Clusters in animal movement data
New publications

Detection and Evaluation of Clusters within Sequential Data

We have submitted Detection and Evaluation of Clusters within Sequential Data, and it is currently under review. This is joint work between Alexander Van Werde, Albert Senen-Cerda, Gianluca Kosmella, and myself. A preprint is available on arXiv.


Motivated by theoretical advancements in dimensionality reduction techniques we use a recent model, called Block Markov Chains, to conduct a practical study of clustering in real-world sequential data. Clustering algorithms for Block Markov Chains possess theoretical optimality guarantees and can be deployed in sparse data regimes. Despite these favorable theoretical properties, a thorough evaluation of these algorithms in realistic settings has been lacking.
We address this issue and investigate the suitability of these clustering algorithms in exploratory data analysis of real-world sequential data. In particular, our sequential data is derived from human DNA, written text, animal movement data and financial markets. In order to evaluate the determined clusters, and the associated Block Markov Chain model, we further develop a set of evaluation tools. These tools include benchmarking, spectral noise analysis and statistical model selection tools. An efficient implementation of the clustering algorithm and the new evaluation tools is made available together with this paper.
Practical challenges associated to real-world data are encountered and discussed. It is ultimately found that the Block Markov Chain model assumption, together with the tools developed here, can indeed produce meaningful insights in exploratory data analyses despite the complexity and sparsity of real-world data.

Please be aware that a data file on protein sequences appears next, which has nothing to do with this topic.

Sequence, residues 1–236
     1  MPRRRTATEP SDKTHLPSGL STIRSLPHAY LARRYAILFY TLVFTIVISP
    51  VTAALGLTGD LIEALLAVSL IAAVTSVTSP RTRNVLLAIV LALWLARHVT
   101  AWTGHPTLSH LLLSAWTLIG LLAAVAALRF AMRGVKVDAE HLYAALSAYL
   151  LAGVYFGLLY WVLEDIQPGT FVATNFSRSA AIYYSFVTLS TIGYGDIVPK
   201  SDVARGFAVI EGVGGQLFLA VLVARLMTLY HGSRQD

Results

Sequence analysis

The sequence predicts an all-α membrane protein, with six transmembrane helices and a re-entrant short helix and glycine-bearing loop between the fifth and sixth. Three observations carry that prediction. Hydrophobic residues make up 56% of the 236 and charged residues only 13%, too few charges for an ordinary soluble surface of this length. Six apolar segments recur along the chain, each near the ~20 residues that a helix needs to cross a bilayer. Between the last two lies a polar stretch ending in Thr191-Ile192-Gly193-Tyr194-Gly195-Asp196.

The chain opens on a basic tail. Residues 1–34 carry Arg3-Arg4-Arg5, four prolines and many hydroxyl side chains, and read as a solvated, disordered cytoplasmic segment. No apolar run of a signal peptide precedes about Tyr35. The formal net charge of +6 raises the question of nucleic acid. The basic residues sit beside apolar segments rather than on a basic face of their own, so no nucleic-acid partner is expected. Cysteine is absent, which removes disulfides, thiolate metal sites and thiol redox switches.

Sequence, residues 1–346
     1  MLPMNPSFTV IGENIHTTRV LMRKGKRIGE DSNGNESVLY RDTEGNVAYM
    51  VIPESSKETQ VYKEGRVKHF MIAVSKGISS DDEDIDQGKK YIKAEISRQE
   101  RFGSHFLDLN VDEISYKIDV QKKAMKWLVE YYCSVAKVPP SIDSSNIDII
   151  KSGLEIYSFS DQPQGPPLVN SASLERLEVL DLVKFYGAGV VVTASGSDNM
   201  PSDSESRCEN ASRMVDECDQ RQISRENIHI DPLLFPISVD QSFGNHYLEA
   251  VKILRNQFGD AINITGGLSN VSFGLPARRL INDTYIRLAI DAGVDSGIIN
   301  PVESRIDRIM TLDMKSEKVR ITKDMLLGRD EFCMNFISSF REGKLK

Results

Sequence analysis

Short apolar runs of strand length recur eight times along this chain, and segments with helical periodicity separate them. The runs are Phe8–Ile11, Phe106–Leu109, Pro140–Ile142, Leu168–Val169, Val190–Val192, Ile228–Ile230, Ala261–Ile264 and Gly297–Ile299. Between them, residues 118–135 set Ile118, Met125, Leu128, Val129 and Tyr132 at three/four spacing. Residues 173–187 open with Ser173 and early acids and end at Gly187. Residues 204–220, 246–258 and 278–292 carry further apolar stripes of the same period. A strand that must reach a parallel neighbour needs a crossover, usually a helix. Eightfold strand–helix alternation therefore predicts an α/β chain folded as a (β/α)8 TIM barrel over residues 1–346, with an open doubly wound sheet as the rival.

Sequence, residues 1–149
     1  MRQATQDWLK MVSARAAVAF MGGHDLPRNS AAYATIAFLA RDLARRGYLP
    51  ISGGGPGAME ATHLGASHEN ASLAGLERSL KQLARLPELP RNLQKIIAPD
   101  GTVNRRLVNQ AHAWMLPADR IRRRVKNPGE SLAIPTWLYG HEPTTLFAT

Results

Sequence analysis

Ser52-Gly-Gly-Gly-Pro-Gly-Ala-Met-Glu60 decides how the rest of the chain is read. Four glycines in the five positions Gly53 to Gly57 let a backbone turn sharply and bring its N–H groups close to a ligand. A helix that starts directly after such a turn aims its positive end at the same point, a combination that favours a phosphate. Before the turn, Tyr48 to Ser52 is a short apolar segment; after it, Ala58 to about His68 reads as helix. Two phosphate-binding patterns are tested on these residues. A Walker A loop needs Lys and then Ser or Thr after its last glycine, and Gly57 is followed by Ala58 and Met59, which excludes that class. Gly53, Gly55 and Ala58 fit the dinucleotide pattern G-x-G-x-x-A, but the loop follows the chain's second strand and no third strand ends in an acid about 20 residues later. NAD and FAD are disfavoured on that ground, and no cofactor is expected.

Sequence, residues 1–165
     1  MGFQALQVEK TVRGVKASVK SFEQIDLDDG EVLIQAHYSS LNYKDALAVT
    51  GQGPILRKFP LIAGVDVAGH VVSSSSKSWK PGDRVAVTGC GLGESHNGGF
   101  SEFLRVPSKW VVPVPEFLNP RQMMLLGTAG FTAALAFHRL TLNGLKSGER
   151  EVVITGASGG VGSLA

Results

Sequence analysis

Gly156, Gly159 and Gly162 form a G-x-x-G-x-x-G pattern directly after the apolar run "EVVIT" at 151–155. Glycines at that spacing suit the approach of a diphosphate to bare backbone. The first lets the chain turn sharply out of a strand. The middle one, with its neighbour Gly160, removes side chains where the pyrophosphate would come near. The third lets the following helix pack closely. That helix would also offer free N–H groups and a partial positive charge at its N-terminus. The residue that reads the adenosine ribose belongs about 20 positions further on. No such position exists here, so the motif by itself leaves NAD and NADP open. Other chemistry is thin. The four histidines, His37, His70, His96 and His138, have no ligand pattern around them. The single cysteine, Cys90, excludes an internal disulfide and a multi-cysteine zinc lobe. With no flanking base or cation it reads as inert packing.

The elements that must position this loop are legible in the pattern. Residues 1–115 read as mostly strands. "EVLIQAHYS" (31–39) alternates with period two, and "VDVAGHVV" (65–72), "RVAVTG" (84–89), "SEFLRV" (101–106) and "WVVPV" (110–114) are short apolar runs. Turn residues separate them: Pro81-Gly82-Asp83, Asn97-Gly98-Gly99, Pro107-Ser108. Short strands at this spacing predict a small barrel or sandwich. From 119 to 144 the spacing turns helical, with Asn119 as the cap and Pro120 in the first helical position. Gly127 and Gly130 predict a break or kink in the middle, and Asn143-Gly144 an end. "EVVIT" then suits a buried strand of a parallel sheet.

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Jaron Sanders received in 2012 M.Sc. degrees in Mathematics and Physics from the Eindhoven University of Technology, The Netherlands, as well as a PhD degree in Mathematics in 2016. After he obtained his PhD degree, he worked as a post-doctoral researcher at the KTH Royal Institute of Technology in Stockholm, Sweden. Jaron Sanders then worked as an assistant professor at the Delft University of Technology, and now works as an assistant professor at the Eindhoven University of Technology. His research interests are applied probability, queueing theory, stochastic optimization, stochastic networks, wireless networks, and interacting (particle) systems.